Were there any moments when Twitter enabled you to make connections that weren’t possible before?
    Literally every day. Seriously. I can’t imagine my professional life without it!
    Have you used Twitter for any sort of professional learning?
    Yes. I presented an Ignite on being a Connected Educator: https://www.youtube.com/watch?v=MEpqInVof4Y&feature=youtu.be
    I just presented a session on using Twitter for PD https://goo.gl/3otS8w and several on using Twitter in the Classroom.
    Good luck with your own presentation and thanks for the opportunity to reflect on Twitter and its impact on my learning.

    • colleenkr says:

      Jen, it’s so nice to hear from you! I’m very, very grateful that you provided a link to your blog — I’m looking through your resources & loving them. With your permission, would it be ok to use them to complement our online session?
      I love your suggestion to take advantage of lists — they’re so helpful! This is one of the many things I appreciate about Tweetdeck: creating a list in Twitter & following the list activity in Tweetdeck.

      What a wonderful way to build community within your district: who would think that something as simple as a hashtag could bring people together? 🙂

      I’m so glad you dropped in to visit this post & offer your ideas and resources — it’s great to get to know you!

      • jencasatodd says:

        Hi Colleen, by all means, please use whatever you wish! Honoured that you find them useful. The community building with the hashtag is slow but ever growing! Funny, I have never used my lists with Tweetdeck…I will look into that. Thx!
        Best,
        Jen

  28. @cyndidannerkuhn
    When did you “get connected” on Twitter? I have been using Twitter since 2008
    Why do you still use Twitter? It is my professional learning every day when I have time., I learn something every day. It is also the way I share resources with other educators including my students at Kansas State University who are all future teachers.
    Did anything confuse you about using Twitter? no, but until you follow lots of others with your interests, it isn’t valuable.
    Do you know how to use a hashtag? Why are they useful to you? Hashtags are awesome, my class hashtag is #ded318.
    Who are your favourite people to follow? On my goodness the list is long, Wes Fryer, Vicki Davis, Tony Vincent, Kevin Honeycutt and I could on and on…..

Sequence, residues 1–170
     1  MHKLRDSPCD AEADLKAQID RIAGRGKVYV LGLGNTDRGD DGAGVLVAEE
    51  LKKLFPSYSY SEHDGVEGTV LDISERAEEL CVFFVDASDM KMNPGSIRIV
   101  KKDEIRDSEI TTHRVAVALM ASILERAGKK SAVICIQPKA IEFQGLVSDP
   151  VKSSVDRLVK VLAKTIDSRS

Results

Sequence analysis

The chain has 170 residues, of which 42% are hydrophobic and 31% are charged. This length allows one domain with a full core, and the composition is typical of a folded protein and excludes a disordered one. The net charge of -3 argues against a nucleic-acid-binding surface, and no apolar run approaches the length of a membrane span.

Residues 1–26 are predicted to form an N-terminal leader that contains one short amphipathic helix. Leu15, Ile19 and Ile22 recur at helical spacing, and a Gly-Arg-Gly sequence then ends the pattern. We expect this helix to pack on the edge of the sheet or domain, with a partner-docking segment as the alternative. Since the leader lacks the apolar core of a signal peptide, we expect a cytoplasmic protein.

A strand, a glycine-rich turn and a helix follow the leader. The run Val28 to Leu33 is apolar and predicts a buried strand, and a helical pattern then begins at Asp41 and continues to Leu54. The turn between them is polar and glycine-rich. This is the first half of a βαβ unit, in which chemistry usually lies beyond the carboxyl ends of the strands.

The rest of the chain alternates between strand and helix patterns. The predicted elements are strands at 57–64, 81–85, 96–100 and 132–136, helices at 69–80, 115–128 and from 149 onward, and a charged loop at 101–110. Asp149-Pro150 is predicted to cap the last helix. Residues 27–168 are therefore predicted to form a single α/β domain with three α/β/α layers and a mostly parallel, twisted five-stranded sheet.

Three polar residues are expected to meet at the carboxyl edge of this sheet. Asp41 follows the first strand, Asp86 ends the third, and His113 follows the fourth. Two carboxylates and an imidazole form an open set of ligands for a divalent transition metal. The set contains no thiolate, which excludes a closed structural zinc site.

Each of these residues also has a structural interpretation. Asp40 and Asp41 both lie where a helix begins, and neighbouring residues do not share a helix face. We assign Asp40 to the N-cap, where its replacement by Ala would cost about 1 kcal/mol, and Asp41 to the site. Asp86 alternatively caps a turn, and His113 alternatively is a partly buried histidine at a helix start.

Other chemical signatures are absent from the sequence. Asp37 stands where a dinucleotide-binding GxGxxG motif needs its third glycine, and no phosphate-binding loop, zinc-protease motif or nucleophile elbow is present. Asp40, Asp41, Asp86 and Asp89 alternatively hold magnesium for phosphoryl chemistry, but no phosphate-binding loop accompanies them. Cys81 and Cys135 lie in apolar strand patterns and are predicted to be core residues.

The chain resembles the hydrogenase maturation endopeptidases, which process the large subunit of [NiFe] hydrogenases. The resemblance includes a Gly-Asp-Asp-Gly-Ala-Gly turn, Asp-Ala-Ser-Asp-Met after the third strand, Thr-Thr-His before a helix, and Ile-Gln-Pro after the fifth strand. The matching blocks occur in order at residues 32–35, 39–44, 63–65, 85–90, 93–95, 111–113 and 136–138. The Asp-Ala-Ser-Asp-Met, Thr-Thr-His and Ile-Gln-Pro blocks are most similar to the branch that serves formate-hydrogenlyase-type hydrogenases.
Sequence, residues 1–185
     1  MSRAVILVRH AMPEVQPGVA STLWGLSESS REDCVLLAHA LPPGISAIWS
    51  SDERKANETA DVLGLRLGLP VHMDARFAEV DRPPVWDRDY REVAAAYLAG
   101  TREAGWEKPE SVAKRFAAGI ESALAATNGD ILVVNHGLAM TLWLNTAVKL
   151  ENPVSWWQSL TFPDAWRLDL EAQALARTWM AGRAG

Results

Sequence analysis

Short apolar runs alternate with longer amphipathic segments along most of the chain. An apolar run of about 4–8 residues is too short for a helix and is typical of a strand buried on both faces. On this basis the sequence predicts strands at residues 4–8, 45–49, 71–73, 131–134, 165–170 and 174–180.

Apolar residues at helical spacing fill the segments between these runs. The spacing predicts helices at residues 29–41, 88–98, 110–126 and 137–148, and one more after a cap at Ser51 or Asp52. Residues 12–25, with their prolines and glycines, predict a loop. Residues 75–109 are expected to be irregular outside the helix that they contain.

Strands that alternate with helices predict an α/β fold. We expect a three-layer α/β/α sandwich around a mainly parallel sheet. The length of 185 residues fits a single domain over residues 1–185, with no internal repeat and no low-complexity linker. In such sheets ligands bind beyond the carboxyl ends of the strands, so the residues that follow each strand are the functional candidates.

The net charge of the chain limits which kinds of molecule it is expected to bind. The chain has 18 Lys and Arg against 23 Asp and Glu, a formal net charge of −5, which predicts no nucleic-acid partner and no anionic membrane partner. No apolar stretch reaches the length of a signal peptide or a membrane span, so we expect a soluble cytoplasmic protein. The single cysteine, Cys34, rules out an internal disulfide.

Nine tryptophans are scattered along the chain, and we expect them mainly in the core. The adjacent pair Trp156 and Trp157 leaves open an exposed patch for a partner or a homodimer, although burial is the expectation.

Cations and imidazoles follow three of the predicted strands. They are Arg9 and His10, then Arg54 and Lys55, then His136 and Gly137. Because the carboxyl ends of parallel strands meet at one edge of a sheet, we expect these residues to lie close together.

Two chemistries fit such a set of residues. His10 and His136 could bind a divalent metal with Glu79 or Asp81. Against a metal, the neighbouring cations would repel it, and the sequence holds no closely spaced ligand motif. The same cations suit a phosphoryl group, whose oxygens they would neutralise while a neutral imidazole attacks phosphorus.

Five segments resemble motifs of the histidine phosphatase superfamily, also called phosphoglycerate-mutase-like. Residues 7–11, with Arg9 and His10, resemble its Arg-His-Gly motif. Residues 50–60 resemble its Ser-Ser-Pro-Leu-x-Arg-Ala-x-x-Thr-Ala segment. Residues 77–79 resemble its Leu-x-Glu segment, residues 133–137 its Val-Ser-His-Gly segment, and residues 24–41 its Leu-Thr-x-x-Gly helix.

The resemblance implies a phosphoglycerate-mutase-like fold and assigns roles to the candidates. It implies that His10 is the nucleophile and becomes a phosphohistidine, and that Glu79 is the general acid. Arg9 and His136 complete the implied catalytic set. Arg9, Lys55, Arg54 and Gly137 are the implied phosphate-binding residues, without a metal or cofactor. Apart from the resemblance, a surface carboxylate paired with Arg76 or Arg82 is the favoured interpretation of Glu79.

Were there any moments when Twitter enabled you to make connections that weren’t possible before? every day, like this one!!
    Have you used Twitter for any sort of professional learning? All the time, I use it in professional development workshops I do, classes I teach, with colleagues, and for my own learning.

  29. colleenkr says:

    Cyndi, it’s great to have a visitor from Kansas! I’ll have to peek at the #ded318 tweets to see what you and your students are up to! You’ve listed some fabulous Twitter rockstars whose work has definitely impacted my learning as well as many others. I’m not familiar with Tony Vincent’s work yet, so I’ll be sure to look for his profile.
    Thanks so much for sharing your memories & suggestions for new Twitter users!

  30. mrcameron14 says:

    Hi Colleen! I’ve enjoyed the many thoughtful responses! Thought I’d add my 2 Twitter cents!
    Q1 When did you “get connected” on Twitter? I joined Twitter in the spring of 2013 to connect with a group of Apple Distinguished Educators I’d be meeting and working with in Austin, Texas. I had never used any type of social media before that point and was, in fact, quite opposed to it!
    Q2 Why do you still use Twitter? It has allowed me to learn, grow, share and connect in ways I never dreamed possible. Being a connectED teacher has allowed me to create a ConnectED classroom for my students. Their work and voice permeate far beyond the walls of the classroom. Being connected has empower and impassioned both my students and myself. Here’s a peak inside our ConnectED classroom:https://www.youtube.com/watch?v=aPDN8wO4vzY I’m passionate about modelling the powerful, positive, responsible use of social media to our students. I believe their generation can do a much better job of using social media than ours has. Imagine if our kids use it only as a vehicle to spread good news and goodwill! Here’s a bog I wrote on “Ideas for Using Twitter in the classroom”: https://mrcssharesease.wordpress.com/twitter-ideas-for-the-classroom/